At one time, the Obama team talked of 22 targeted states, then 18 (14 of them Bush won states), but now the real number is smaller than that. And the good news for the McCain side is that they have a real shot in many more Kerry states than they did a few months back. The latest Rasmussen survey has Pennsylvania (21 Electoral College votes) even for the first time all year. It is hard to see how Obama wins the presidency if he does not win the Keystone state. Pennsylvania is another state in which Obama was buried in the primary, despite a huge spending advantage over Hillary Clinton. Like Ohio and Michigan (17), the state has many registered Democrats who hunt and who are regular church goers, neither of which demographic segments provide fertile ground for Obama, who does best among African Americans and very highly educated secular whites who do not own or use guns. If McCain wins Pennsylvania, he will almost certainly also win Ohio, which is historically about 4-5 points friendlier to the GOP than Pennsylvania.
Other blue states now clearly in play include Minnesota (10), Wisconsin (10), New Hampshire (4), and Michigan (17). I am very skeptical that McCain can win New Jersey (15) despite two recent polls showing him only 3% behind (others show him further behind) or Washington State (11), where two recent polls give Obama a 2-4% lead. Oregon (7) may be a slightly better prospect, given its recent voting history, but is still a long shot for McCain.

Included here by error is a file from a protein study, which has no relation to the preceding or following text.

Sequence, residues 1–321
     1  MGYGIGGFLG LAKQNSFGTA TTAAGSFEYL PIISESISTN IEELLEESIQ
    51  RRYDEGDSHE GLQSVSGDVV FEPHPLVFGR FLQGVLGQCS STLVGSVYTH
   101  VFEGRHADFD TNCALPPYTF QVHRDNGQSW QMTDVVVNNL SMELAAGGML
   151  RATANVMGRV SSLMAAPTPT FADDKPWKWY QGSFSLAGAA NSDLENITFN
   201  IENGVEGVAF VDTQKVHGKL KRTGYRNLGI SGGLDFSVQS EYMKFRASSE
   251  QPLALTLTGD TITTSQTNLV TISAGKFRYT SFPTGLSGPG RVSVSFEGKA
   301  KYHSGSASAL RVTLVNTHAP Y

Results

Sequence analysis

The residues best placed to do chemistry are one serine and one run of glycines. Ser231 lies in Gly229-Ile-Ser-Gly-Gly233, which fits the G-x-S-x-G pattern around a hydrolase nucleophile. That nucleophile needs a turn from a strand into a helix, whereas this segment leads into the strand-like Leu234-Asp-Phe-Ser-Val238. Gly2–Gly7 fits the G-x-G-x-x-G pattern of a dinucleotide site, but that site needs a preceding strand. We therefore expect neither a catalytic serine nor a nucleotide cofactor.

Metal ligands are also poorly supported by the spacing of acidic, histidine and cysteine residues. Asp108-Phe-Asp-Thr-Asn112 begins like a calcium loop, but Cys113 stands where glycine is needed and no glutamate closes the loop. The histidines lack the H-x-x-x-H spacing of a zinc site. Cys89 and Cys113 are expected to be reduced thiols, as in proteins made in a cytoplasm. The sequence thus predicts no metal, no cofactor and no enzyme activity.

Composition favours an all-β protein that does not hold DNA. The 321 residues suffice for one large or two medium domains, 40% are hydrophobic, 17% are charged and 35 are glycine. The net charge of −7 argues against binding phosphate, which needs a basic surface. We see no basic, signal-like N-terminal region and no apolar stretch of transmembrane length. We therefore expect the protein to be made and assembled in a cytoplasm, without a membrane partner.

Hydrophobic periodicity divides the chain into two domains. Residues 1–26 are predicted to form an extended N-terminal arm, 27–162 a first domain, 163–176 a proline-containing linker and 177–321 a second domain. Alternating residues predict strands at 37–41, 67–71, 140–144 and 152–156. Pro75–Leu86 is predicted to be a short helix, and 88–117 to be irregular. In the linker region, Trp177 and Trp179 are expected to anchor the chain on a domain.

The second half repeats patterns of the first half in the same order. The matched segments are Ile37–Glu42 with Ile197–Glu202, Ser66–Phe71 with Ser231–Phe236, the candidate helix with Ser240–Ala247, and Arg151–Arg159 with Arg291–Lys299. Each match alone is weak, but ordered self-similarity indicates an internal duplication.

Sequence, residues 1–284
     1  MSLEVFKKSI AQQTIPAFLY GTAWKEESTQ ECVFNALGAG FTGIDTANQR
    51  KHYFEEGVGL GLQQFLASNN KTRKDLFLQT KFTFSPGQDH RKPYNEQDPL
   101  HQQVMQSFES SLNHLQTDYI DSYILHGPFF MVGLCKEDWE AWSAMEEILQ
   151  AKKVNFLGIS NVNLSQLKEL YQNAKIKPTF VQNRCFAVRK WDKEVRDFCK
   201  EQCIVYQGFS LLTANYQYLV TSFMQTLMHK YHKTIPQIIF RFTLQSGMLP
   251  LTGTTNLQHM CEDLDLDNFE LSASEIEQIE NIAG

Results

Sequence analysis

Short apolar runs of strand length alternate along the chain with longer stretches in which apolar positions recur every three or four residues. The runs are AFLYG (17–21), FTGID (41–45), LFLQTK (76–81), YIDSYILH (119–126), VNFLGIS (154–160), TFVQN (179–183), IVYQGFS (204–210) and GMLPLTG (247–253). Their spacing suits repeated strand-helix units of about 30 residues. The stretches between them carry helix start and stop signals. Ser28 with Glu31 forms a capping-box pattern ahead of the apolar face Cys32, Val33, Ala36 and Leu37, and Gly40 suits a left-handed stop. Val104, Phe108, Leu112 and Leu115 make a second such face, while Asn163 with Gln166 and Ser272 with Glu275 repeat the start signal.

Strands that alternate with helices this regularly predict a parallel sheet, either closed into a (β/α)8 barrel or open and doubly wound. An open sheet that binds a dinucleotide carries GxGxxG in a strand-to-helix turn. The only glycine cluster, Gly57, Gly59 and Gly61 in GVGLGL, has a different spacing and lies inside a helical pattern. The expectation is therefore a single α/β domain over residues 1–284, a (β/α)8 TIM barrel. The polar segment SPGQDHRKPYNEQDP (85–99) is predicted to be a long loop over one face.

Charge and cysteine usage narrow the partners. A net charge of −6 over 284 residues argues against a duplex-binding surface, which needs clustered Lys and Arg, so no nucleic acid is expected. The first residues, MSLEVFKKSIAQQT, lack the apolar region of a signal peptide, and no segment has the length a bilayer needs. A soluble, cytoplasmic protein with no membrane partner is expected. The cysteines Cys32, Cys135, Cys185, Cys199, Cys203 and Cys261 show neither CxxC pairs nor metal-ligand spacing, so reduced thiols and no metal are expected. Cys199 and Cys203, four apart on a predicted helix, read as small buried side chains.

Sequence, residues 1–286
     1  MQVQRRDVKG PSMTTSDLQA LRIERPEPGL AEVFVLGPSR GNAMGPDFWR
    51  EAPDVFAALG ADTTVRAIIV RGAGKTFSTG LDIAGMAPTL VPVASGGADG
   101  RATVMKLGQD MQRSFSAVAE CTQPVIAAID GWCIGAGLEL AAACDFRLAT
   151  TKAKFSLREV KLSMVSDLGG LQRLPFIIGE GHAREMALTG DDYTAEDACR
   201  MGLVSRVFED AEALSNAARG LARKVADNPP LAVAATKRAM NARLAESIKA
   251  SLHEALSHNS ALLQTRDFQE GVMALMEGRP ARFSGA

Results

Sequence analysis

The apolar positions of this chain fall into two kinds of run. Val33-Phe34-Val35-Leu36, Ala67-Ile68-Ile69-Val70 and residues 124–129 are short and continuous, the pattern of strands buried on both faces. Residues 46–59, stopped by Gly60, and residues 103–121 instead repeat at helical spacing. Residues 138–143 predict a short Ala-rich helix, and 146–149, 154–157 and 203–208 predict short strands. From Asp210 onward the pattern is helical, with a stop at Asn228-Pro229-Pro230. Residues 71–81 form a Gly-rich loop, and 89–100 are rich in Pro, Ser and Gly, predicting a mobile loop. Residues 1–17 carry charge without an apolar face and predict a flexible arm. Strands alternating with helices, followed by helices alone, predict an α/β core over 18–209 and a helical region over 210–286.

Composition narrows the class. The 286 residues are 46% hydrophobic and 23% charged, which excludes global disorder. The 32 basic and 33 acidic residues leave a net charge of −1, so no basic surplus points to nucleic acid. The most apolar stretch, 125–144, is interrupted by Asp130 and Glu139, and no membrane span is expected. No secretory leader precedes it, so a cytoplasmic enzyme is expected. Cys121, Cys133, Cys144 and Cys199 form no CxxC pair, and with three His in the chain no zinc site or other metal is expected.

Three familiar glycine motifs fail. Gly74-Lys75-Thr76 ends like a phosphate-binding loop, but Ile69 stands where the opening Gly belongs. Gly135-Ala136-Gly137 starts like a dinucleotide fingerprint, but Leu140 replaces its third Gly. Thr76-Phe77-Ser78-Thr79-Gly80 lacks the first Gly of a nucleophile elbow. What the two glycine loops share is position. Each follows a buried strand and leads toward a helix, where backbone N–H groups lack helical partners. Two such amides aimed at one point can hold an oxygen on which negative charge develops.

Many of Obama's once-targeted red states are now safely in McCain's corner. These include Montana (3), North Dakota (3) Alaska (3), and Georgia (15). North Carolina (15), Indiana (11) and Missouri (11) do not look too promising for Obama either. Of course, if the race breaks hard for either candidate in the last month, such that the current near-deadlock in the national popular vote becomes a 5% or greater margin of victory, then some of the second tier targets may come into play. But they won't matter. If Obama opens up a 5% national lead, he will win Ohio, and Virginia and Colorado. If McCain opens up a similar sized national lead, he probably wins Michigan and Pennsylvania. Neither candidate would need any other states from the other party's column -- these would amount to gravy, allowing the winner to claim a mandate.
The race is close to a national tie in the popular vote, in the number of safe electoral college votes for each side, and in the number of tossup electoral college votes that are blue or red. We have in other words, a 50-50 race.
That situation is markedly better for John McCain than his prospects have been for most of the year. He has not won, but he is very much in the game. The debates, the fallout from the politically motivated investigation in Alaska, and the luck of the draw -- what makes news in the weeks before Election Day -- will determine the outcome of the race.
Richard Baehr is chief political correspondent for American Thinker.